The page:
4 Eric C. Evarts. US News & World Report. March 31, 2017. “6 Best Times to Buy a Car.” https://cars.usnews.com/cars-trucks/6-best-times-to-buy-a-car. Accessed June 22, 2017.

5 Denise Groene. The Wichita Eagle. June 16, 2017. “When is the best time to buy a grill, and other stuff.” http://www.kansas.com/news/business/biz-columns-blogs/article156570289.html. Accessed June 22, 2017.

6 Susie Gharib. Fortune. June 21, 2017. “Do’s and Don’ts for Buying and Selling a House.” http://fortune.com/2017/06/21/zillow-tips-for-buying-and-selling-a-house/. Accessed June 22, 2017.

7 Matt Swider. TechRadar. June 28, 2017. “Amazon Prime Day deals 2017 in the US: Find the best sales for July 11.” http://www.techradar.com/news/amazon-prime-day-2017-usa-when-is-it-and-how-can-you-find-the-best-deals. Accessed June 30, 2017.

Guarantees and protections provided by insurance products including annuities are backed by the financial strength and claims-paying ability of the issuing insurer.

We are an independent firm helping individuals create retirement strategies using a variety of insurance products to custom suit their needs and objectives. This material is intended to provide general information to help you understand basic retirement income strategies and should not be construed as financial advice.

The information contained in this material is believed to be reliable, but accuracy and completeness cannot be guaranteed; it is not intended to be used as the sole basis for financial decisions. If you are unable to access any of the news articles and sources through the links provided in this text, please contact us to request a copy of the desired reference.

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Divorce During Retirement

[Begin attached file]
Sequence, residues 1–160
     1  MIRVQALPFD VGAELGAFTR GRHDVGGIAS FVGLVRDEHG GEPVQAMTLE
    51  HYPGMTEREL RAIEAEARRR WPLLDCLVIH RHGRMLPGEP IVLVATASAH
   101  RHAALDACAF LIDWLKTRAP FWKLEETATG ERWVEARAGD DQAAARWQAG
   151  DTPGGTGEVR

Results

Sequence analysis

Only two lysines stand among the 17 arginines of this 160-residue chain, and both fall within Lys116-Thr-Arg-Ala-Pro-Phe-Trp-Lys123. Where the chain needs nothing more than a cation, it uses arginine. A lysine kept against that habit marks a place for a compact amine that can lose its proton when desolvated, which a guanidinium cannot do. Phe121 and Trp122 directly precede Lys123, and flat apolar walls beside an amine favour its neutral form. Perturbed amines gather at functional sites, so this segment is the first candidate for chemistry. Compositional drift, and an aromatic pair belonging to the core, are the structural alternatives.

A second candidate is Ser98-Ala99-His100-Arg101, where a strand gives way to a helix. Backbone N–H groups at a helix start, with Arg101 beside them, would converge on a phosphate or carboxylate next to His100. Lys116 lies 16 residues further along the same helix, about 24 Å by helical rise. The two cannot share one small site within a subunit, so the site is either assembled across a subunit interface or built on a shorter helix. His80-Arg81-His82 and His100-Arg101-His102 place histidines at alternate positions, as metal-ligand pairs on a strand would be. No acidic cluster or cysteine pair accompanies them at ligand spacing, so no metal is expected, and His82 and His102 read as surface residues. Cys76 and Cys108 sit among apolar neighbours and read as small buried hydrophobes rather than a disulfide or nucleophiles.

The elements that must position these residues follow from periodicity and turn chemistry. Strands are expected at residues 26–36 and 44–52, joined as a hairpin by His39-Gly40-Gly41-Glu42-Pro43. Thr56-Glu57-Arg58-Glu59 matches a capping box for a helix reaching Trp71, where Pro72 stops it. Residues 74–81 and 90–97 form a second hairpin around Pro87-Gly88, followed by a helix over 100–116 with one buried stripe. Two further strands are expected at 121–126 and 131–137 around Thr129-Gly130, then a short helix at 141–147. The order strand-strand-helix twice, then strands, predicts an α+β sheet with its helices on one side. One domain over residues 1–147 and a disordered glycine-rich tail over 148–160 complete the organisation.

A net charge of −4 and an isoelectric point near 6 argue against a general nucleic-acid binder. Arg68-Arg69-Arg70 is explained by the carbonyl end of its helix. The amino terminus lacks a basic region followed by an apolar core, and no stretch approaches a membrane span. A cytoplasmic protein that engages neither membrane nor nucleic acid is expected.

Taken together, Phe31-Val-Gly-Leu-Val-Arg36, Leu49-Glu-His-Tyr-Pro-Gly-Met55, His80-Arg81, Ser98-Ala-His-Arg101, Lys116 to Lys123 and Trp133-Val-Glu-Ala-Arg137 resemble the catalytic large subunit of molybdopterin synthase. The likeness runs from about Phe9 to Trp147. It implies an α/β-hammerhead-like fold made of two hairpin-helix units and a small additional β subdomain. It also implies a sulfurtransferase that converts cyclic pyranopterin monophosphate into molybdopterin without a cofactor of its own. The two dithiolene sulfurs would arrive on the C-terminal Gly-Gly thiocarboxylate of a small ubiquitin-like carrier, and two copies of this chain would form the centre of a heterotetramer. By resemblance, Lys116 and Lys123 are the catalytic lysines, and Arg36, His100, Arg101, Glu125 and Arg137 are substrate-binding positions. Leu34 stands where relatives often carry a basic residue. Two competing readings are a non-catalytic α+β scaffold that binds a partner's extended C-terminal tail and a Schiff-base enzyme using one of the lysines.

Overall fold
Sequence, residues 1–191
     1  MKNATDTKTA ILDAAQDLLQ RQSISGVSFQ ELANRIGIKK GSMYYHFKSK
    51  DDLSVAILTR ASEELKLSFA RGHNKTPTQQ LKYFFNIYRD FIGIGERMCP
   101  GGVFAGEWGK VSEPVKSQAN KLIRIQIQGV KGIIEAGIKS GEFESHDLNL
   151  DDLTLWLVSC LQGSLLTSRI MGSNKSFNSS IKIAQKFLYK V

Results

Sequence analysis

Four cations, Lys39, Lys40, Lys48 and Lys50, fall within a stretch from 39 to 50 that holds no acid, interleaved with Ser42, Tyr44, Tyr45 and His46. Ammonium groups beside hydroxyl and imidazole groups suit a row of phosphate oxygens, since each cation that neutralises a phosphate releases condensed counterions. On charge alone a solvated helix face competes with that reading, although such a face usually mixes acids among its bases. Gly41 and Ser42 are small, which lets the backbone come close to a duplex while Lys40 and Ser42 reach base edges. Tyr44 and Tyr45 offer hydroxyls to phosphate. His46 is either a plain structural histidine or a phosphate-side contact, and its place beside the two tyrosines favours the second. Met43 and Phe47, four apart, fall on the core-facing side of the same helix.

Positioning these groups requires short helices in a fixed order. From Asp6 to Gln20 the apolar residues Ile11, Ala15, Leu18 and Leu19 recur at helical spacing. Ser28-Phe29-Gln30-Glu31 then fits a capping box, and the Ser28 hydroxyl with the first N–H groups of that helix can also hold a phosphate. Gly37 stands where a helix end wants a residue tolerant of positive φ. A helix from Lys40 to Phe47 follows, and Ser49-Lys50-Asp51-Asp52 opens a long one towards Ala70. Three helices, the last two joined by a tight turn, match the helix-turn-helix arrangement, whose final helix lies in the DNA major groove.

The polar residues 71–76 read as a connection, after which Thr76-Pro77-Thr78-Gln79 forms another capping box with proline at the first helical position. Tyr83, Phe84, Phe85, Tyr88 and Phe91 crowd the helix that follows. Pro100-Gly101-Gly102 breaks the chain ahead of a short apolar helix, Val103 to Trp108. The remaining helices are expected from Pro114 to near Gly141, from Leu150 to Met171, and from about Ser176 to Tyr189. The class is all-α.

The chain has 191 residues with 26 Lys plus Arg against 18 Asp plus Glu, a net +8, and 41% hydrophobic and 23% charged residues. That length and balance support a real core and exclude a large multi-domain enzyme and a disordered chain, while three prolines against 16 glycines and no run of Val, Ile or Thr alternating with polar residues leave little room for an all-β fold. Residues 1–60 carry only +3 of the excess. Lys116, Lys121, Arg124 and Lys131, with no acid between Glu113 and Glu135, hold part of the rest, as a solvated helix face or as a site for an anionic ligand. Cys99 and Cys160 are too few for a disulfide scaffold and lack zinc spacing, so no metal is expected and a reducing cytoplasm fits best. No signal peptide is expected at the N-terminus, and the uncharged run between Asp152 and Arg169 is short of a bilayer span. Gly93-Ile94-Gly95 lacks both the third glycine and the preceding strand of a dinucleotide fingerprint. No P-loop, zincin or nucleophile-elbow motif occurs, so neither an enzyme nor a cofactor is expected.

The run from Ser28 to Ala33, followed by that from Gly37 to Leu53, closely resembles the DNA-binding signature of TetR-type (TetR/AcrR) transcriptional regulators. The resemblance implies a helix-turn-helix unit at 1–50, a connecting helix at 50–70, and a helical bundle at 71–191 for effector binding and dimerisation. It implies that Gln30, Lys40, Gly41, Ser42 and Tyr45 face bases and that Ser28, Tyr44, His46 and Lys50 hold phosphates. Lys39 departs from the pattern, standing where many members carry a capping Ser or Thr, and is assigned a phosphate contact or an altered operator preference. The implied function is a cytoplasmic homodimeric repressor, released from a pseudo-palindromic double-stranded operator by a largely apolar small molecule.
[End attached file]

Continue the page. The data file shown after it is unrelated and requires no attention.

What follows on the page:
A funny thing happens when you get busy with trying to achieve all the things you want out of life: You lose a few along the way. Unfortunately, some people lose their marriage.1 However, for those who are truly unhappy and can’t see a way back to blissful partnership, a “gray divorce” isn’t necessarily all negative. Even in retirement, leaving a spouse can open up new avenues to be explored, the chance to pursue activities perhaps not supported before and new opportunities to reinvent yourself.

With that said, you also must deal with a myriad of details when it comes to dividing assets to help ensure each ex-spouse has enough income to live comfortably during retirement. Just as it takes a village to raise children, it can take a team of experienced and qualified professionals to help you do this, from attorneys to financial advisors to tax planners and perhaps even a therapist. The goal is to emerge confident about your financial future, and we’re here to help both spouses on this journey should you need it.

When it comes to Social Security, there are certain rules that apply to benefits for a divorced spouse based on the ex’s earning history. For example, the marriage must have lasted for at least 10 years, the couple must be divorced for at least two years and the claiming ex must be currently unmarried – if the claimer gets remarried, the ex’s spousal benefits will stop. Furthermore, the ex-spouses must both be at least age 62 to begin drawing spousal benefits, and the spouse/divorcee must be full retirement age to be eligible for the full spousal benefit.2

Another important component to address is life insurance. If there are alimony payments involved, life insurance can help cover the loss of that income should the payer die first. Depending on their circumstances, divorcing couples may want to update their named beneficiaries on their respective policies. If a policy has a cash value, that money belongs to the owner. While the policy is active, the owner may forgo the death benefit and instead take the cash value, a process known as cashing out your life insurance policy.3

Research has found that divorce may be a reason why many people are working long past traditional retirement age.4 Because of this, it’s important to set aside animosity and work on an equitable agreement for both spouses’ retirement. Divorcing spouses should be cognizant that if one ends up struggling financially, their adult children may have to pick up the slack.5